Find out more about Missi’s life by listening below to the brilliant Simon Callow presenting
our BBC Radio 4 Charity Appeal and See more of Target TB’s work in Uganda
Zuze Malias lives in the small rural village of Komba in Malawi, he is a farmer, supporting his wife and 6 children. When he developed a bad cough, which he thought would just pass with time, but it didn’t. He started losing weight and feeling weaker, he was struggling to keep up with his work on the farm.
During this time he attended a community meeting, where our volunteers were educating people about TB and he recognised a lot of the symptoms they described. He spoke to one of the volunteers who took a sputum sample from him and sent it off for testing. When it came back positive he was admitted to hospital for two weeks of intensive treatment, and when he returned home his family barely recognised him as he had re-gained all the weight he had lost.
He has strictly adhered to his treatment, his family and friends have been very supportive and now fully cured he says he feels stronger and fitter than ever before.
To find out more about our work in Malawi, click here
40yr old Sundari is a widow, she lives alone in Southern India and works at a local cotton mill as a cleaner, earning just over £1 for a day’s work. Last year Sundari fell ill, she had a nasty cough, was losing weight and suffering from night sweats, she had no idea that her symptoms pointed to TB. As her conditioned worsened she was forced to stop working and unable to afford the 30p bus fair to the closest hospital she visited her nearest pharmacist, who charged her for some useless medication and her health continued to deteriorate.
One day Sundari was sat outside her small home coughing and worrying about her deteriorating health when Kavitha, a Target TB trained co-ordinator, heard her coughing and came over to talk to her. Kavitha told Sundari that her symptoms pointed to TB and took her there and then by Auto-rickshaw to the hospital for testing.
Sundari was diagnosed with TB and started on immediate treatment. Kavitha explained to her that her health would improve, but that it would take time, she linked her up with a local Target TB trained volunteer, who is giving her all the emotional and practical support she needs to complete her 8 months of TB treatment.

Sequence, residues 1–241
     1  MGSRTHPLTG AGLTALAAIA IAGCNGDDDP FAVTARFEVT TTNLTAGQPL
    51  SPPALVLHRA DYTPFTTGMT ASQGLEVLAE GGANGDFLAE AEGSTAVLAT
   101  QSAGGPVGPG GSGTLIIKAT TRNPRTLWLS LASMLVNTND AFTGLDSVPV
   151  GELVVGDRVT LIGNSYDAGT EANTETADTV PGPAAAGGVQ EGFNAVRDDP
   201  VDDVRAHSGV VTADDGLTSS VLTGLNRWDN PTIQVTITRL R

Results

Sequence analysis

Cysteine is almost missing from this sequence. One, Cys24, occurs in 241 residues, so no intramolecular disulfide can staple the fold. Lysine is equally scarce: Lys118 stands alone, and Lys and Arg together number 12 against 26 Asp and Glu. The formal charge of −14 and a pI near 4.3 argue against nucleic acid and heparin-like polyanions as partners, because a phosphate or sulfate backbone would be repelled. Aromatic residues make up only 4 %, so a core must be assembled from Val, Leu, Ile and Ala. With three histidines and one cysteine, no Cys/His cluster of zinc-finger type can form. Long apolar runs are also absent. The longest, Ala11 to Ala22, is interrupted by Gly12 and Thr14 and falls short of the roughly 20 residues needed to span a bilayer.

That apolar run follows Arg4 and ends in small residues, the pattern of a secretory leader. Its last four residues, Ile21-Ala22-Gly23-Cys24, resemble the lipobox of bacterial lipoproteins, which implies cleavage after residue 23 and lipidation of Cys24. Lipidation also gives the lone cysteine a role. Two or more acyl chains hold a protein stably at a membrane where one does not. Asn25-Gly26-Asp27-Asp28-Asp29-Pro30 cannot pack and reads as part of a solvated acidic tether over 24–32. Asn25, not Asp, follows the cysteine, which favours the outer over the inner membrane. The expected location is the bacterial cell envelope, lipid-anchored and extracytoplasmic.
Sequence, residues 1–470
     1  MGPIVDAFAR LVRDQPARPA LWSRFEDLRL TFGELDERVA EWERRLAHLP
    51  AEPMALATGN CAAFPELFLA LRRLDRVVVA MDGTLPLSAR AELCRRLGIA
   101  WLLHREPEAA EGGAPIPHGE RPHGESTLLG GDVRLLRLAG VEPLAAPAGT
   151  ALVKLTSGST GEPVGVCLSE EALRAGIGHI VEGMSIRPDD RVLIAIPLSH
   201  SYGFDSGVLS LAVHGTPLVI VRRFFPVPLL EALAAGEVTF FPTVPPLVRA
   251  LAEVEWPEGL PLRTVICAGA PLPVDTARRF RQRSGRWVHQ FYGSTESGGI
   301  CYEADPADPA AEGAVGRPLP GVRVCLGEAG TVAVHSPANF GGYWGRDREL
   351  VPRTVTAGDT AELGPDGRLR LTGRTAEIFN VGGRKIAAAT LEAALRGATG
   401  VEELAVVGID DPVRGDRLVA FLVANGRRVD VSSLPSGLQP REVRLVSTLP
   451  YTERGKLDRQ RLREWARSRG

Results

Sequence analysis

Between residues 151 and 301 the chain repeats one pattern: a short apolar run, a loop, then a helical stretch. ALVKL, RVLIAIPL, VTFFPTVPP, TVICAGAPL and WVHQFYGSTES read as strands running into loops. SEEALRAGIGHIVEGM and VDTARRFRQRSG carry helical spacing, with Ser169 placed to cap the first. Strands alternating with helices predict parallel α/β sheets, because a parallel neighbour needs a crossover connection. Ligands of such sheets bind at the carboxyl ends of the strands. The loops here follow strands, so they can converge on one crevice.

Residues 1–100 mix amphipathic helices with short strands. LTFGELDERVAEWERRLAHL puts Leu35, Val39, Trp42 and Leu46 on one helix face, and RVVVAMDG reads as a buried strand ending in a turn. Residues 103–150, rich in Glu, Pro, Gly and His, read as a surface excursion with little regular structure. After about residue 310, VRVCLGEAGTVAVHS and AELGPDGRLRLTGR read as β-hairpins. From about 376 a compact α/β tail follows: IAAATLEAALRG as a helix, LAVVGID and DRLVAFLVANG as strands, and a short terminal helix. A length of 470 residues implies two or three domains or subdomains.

Sundari is now back at the mill working occasional shifts, but some colleague who found out that she has TB avoided her, but she feels strong enough to work and has stayed on despite feeling ostracised. She is hoping that once she has fully recovered she will be able to work full-time again.
‘Kavitha has been like a gift from god to me,’ she says, ‘because she has saved my life.’ I only wish I had met her sooner, because I think that if I had known about TB when my husband fell ill, he would still be here with me today.’
Click here to read more about our work in India.
Theresa lives in Timor-Leste, an island now independent from Indonesia but one of the world’s poorest nations. She lives with her baby daughter in an isolated, rural village.
When we met in 2010, she told us she had been sick with TB for a long time and was too weak to look after her family. At first, she went to traditional healers but their advice was useless. Theresa wasted away to 31kg.
It was her mother in law who knew of Klibur Domin clinic, elsewhere on the island. This clinic is a medical life-line that we support with your help. Despite Theresa’s ill health, together they walked 20 long km to the nearest road. Then they took the bus for another 60km, just to reach the clinic and get help.
Staff quickly diagnosed Theresa with TB. Her condition was so poor that she was admitted as an in-patient. Because of the long, difficult journey back to her village home, she had to stay on a specialist ward for months. But she is finally getting better, and is looking forward to seeing her daughter again.